So, the Libertarian Party held their nominating convention in Denver over the weekend. Did you know? Did you care? Did you watch any of the coverage on C-SPAN? I’m guessing for most of you the answers are no, no, and no. Being in the 0.5% of the voting public who regularly votes for the LP, my answers are different. I not only knew and cared, I watched the coverage on C-SPAN until I had to leave and get some stuff done on Sunday. Then we used my Blackjack II to keep track of the voting until it was over. Let me first get this out of the way: Okay, now I’ve dispensed with at least one obligatory joke. The voting went almost how I expected. I didn’t expect the voting to be tied for two rounds between Ruwart and Barr. Generally speaking, this convention was a battle between principle and pragmatism. The long-term hardline radical LP members voted Ruwart. The people who thought it might be nice to get more than 300,000 votes nationally voted for Barr. I have no idea which answer is best for the long-term health of the party. Only time can answer that question, so get back to me in a few years and we’ll talk then. Barr has a track record to deal with in his attempt to convince libertarians he’s worth a vote. A lot of his track record, especially his support for the War on Drugs, makes many of us twitch uncontrollably and start to foam at the mouth and swear. Since he left office, he has been lobbying for the Marijuana Policy Project. He also joined the LP in 2006, so he’s not a naked opportunist trying to jump on the bandwagon at the last minute because his major party presidential bid tanked. He is still less libertarian than many would like. The only response I can offer is that it is, for some in the party and elsewhere, apparently impossible for a politician to admit he was wrong and try to do better. Some would argue his actions were so reprehensible that no future actions will suffice to make him acceptable. Any one who would argue that is frankly a cultist who is more worried about sin and redemption and the purity of the religion of Libertarianism. The party is not a church, it’s a political organization and exists to achieve libertarian ends through the electoral process. Bob Barr has a chance to influence the debate in a way no other candidate available would. Other people would argue that it’s some kind of nefarious plot to either jumpstart his political career or engage in skullduggery for one of the big 2. I can dismiss the first with no thought whatsoever, but for anybody who’s slow in the audience: nobody in their right mind leaves the GOP for the Libertarian Party in an attempt to attain greater personal relevance. That’s like trading in your NFL career to go coach Pop Warner in the hopes of becoming rich. As far as skullduggery and nefarious conspiracies go, what could possibly be the upside for efenants? McCain loses? If Barr is a bad actor, he must be on the donk side. He could possibly pull enough votes from McCain to hand the election to Obama. There’s no scenario I can imagine where an Obama win benefits the GOP. Unless, of course, Barr is just bitter and wants to tank the GOP for hanging him out to dry after the impeachment. Hmm. I may have something there. Of course, he’s awfully prescient if he planned this out back before 2006. I may want to ask the campaign for some stock picks. The upside for the LP? They finally have a candidate the mainstream media will take seriously and who isn’t obviously insane. Surely that’s worth something. If he will go out and make the case for libertarian ideals, he might get more traction than Cato and Reason and the rest of us combined. If the LP is ever going to succeed at changing anything, the first step is to get people paying attention. Barr has a better chance than anybody had in past elections, especially given the current political climate. In any event, he’s the candidate. The libertarian faithful have three choices. Vote for lesser evil of the two majors and continue getting what we’ve always gotten: bigger government and more erosion of your rights. You could always stay home, because that’s guaranteed to make a change, right? At least you can feel good about your ideological purity then. Or you could suck it up and vote for Barr despite any differences you might have with the guy. Any attempt to get people in this country thinking seriously about government overreach and the rest of the hot-button issues ought to be worth a try. Me, I know what I’m doing in November when it comes time to vote. My post-election plans remain unchanged.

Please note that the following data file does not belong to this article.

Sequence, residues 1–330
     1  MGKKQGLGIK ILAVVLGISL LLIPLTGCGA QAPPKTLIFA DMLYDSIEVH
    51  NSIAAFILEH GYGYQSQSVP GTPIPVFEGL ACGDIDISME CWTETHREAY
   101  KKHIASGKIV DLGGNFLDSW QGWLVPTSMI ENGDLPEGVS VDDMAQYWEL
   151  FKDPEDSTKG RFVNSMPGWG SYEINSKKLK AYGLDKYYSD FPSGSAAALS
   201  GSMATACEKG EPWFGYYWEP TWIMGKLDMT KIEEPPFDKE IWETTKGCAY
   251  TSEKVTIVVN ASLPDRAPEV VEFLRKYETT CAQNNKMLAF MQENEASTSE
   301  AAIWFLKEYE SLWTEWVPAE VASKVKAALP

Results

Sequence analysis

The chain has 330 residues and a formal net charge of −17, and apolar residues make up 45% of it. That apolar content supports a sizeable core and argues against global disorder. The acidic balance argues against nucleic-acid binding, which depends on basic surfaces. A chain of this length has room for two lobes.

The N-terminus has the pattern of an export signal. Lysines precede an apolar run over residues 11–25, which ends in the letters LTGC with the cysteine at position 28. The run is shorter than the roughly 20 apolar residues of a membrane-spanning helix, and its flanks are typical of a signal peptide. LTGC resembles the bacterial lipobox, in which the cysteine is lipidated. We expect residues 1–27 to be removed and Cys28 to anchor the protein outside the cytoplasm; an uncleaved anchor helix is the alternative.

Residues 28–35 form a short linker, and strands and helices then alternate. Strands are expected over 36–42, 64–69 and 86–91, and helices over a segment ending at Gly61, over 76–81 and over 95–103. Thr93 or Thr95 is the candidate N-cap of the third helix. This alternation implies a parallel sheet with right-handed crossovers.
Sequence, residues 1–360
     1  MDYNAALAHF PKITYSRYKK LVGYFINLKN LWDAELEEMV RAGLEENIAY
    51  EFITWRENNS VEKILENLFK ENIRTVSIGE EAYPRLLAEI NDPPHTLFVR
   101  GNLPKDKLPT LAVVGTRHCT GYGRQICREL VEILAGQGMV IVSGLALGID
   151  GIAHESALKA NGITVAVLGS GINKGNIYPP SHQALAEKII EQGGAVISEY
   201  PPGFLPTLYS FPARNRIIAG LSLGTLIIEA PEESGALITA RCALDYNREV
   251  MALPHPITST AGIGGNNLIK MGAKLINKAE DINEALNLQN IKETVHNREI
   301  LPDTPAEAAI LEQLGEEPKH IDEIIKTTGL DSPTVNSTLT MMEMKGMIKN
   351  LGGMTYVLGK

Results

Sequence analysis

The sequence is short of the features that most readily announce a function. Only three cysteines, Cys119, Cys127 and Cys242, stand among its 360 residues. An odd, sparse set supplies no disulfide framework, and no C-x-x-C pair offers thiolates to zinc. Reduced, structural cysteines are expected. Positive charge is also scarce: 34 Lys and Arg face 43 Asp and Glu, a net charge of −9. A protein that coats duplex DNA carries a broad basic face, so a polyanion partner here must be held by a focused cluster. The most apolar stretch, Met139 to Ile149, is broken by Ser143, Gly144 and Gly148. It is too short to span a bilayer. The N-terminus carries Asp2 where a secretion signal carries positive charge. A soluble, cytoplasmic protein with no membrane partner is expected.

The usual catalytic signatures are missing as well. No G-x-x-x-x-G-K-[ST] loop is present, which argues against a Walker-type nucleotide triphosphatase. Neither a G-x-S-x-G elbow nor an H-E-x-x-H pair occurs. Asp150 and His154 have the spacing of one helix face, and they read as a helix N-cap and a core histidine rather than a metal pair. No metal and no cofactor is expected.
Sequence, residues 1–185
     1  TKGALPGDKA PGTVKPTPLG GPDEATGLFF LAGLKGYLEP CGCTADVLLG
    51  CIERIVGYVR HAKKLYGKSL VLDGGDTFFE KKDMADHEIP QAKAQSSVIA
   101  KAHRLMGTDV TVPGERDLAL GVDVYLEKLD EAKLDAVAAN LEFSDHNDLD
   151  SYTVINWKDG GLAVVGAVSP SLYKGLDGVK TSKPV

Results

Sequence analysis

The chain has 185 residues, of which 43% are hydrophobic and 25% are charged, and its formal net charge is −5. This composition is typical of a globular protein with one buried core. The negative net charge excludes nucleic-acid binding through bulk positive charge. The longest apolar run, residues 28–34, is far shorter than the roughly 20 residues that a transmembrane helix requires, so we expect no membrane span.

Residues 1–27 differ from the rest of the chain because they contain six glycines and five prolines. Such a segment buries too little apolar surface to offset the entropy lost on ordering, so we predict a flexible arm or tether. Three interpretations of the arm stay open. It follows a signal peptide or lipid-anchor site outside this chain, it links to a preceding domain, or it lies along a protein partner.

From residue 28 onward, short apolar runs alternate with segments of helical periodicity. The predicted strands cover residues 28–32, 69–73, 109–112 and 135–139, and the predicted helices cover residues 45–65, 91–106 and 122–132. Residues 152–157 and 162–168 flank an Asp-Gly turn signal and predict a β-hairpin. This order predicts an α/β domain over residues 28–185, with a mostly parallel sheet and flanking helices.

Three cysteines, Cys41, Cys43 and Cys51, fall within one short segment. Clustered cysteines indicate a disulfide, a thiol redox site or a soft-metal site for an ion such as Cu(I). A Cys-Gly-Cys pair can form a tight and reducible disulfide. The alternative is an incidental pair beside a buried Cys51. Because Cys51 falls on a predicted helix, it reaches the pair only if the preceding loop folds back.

Labels: Bob, libertarian, politics